Walne AJ, Vulliamy T, Beswick R, Kirwan M, Dokal I. TINF2 gene mutations result in very short telomeres: analysis of a large cohort of patients with dyskeratosis congenita and related bone marrow failure syndromes. Blood. 2008;112:3594–600. https://doi.org/10.1182/blood-2008-05-153445.
Wang P, Jones KD, Urisman A, Elicker BM, Urbania T, Johannson KA, et al. Pathologic findings and prognosis in a large prospective cohort of chronic hypersensitivity pneumonitis. Chest. 2017;152(3):502–9. https://doi.org/10.1016/j.chest.2017.02.011.
Newton CA, Zhang D, Oldham JM, Kozlitina J, Ma SF, Martinez FJ, et al. Telomere length and use of immunosuppressive medications in idiopathic pulmonary fibrosis. Am J Respir Crit Care Med. 2019;200(3):336–47. https://doi.org/10.1164/rccm.201809-1646OC.
King TE Jr, Bradford WZ, Castro-Bernardini S, Fagan EA, Glaspole I, Glassberg MK, et al. A phase 3 trial of pirfenidone in patients with idiopathic pulmonary fibrosis. N Engl J Med. 2014;370:2083–92. https://doi.org/10.1056/NEJMoa1402582.
Justet A, Thabut G, Manali E, Molina Molina M, Kannengiesser C, Cadranel J, Cottin V, Gondouin A, Nunes H, Magois E, Tromeur C, Prevot G, Papiris S, Marchand-Adam S, Gamez AS, Reynaud-Gaubert M, Wemeau L, Crestani B, Borie R. Safety and efficacy of pirfenidone in patients carrying telomerase complex mutation. Eur Respir J. 2018;51(3):1701875. https://doi.org/10.1183/13993003.01875-2017.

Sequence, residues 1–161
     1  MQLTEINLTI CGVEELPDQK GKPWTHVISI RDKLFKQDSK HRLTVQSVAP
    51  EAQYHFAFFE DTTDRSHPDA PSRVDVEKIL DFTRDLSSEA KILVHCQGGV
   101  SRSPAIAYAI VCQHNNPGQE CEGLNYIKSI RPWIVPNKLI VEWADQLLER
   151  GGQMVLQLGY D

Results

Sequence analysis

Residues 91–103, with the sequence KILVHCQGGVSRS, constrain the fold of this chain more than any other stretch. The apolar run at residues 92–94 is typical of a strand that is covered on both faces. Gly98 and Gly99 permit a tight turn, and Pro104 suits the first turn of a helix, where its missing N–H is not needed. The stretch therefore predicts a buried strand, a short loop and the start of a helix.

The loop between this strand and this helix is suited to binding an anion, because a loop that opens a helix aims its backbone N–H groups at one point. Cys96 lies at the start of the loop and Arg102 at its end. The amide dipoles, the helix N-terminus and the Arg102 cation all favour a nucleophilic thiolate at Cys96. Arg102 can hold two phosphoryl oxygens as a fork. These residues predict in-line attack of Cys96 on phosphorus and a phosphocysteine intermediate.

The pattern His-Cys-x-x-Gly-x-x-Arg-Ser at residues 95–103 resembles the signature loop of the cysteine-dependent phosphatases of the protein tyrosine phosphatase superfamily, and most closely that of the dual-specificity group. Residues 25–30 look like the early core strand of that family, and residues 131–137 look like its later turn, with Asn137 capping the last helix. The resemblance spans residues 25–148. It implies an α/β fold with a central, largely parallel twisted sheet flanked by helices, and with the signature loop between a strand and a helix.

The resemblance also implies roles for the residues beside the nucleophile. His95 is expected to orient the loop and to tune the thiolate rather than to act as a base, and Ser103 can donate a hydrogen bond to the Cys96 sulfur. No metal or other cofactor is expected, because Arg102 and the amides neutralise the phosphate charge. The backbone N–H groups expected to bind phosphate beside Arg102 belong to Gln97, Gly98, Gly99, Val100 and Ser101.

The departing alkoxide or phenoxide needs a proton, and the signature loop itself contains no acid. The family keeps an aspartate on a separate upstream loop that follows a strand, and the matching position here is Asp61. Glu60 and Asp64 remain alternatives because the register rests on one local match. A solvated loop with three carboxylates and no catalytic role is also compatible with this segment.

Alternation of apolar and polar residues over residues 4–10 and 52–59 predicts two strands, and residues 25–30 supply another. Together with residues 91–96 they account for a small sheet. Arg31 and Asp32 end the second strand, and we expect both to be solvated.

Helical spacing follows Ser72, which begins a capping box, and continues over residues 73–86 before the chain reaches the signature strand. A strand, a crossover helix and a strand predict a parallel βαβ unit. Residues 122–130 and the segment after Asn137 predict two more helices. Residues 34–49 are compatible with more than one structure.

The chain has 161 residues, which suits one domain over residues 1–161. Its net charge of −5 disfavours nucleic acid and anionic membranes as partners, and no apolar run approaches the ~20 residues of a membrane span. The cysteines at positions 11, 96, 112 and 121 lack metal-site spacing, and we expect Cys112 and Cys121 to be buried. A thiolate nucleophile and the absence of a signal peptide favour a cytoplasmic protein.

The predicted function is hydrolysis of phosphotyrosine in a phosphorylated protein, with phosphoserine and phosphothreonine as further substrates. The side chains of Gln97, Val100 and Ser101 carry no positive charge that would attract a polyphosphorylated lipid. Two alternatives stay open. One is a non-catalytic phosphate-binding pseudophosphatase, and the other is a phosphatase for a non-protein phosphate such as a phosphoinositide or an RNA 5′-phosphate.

We would like to thank the patients and authors of included articles who made this study possible.
This research was funded by Key Program of Precision Medicine from National Key Research and Development Plan (2016YFC0905700). The funders had no role in study design, data collection and analysis, or preparation of the manuscript.
Ethics approval and consent to participate
The study protocol was approved by the Ethics Committee of Peking Union Medical College Hospital.
Consent for publication
Written informed consent was obtained from the patient’s next of kin for publication of this case report.
The authors have declared that no competing interests exist.
Springer Nature remains neutral with regard to jurisdictional claims in published maps and institutional affiliations.
About this article
Cite this article
Wang, P., Xu, Z. Pulmonary fibrosis in dyskeratosis congenita: a case report with a PRISMA-compliant systematic review. BMC Pulm Med 21, 279 (2021). https://doi.org/10.1186/s12890-021-01645-w